Bird-watching AppsNow is a great time to get outside to observe your local bird populations. After all, spring is when birds are migrating and mating. In this Tech Minute, CNET's Kara Tsuboi reports on some of the best apps to help you identify local species.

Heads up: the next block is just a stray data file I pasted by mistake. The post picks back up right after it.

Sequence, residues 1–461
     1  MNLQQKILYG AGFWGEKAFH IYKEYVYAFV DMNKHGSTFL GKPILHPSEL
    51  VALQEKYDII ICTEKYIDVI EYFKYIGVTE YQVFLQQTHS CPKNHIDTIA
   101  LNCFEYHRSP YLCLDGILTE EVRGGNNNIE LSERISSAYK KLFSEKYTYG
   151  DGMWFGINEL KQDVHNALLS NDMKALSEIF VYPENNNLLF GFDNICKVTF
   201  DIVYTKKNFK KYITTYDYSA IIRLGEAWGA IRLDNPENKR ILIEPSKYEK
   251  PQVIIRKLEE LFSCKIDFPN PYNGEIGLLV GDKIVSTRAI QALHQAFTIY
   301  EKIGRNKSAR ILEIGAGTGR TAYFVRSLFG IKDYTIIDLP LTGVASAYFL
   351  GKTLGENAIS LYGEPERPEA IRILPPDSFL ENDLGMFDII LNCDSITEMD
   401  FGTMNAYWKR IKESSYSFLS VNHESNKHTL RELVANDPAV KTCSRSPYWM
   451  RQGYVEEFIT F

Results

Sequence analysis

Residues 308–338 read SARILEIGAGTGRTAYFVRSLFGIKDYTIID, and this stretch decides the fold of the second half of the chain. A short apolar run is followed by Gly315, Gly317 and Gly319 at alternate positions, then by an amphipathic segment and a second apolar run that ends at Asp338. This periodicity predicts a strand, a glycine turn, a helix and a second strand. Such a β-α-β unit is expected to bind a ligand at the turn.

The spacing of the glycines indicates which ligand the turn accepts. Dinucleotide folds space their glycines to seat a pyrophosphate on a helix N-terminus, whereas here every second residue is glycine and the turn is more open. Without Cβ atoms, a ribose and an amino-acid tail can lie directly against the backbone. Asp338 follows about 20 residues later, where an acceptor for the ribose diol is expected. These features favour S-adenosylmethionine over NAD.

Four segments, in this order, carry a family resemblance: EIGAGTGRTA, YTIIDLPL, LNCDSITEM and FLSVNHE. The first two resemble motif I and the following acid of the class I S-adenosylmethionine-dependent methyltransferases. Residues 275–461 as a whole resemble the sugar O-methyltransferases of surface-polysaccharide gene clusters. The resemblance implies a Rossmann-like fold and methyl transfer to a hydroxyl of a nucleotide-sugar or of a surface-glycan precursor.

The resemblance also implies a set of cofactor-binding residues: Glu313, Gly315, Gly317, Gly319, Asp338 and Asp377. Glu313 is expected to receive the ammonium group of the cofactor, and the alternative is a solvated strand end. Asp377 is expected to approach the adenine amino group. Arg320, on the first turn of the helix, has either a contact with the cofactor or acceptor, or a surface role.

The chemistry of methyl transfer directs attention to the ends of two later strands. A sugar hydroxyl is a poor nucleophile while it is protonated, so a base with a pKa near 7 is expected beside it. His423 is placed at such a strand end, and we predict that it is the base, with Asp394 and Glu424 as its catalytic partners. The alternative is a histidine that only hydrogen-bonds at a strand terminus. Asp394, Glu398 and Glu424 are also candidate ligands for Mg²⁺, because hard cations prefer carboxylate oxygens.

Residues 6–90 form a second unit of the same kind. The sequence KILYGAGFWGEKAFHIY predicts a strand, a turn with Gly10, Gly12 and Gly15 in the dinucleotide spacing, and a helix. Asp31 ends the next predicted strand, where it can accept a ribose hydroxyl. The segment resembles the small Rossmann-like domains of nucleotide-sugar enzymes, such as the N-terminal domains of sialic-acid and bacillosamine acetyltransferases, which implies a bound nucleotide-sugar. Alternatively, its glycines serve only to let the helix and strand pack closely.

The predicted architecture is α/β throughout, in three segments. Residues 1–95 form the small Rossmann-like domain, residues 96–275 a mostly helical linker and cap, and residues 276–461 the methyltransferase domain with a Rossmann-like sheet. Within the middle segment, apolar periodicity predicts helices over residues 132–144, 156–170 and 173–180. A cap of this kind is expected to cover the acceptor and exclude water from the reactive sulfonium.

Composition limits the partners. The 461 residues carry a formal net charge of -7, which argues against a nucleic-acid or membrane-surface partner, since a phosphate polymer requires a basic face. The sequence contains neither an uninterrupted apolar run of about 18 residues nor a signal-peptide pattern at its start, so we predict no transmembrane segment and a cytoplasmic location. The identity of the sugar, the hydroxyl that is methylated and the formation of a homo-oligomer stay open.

[MUSIC] One of the most comprehensive bird watching guides out there is the Sibley eGuide to the Birds of North America. It's a $20 download for both iOS and Android users, but there is a free light version available. The full app is basically the popular field guide in digital form in its entirety. There are more than 800 species listed with nearly 7000 images and a couple of thousand different sound recordings. If you're interested in identifying songbirds, download the $13 Warbler's app onto your iPhone or iPad. This app has taken great care to include sonograms to show song structure, and ID points for each audio clip. Through the app, you can also play back clips in half time to analyze the call and even search the extensive database with key words to find the species you're trying to identity. And finally, BirdsEye is a great free app for finding out where to view birds near you. Using your phone's GPS, it will tell you the 100 most common birds in your area and can drive interactions to locations of recent spottings. In San Francisco, I'm Kara Tsuboi, cnet.com for CBS News. [MUSIC]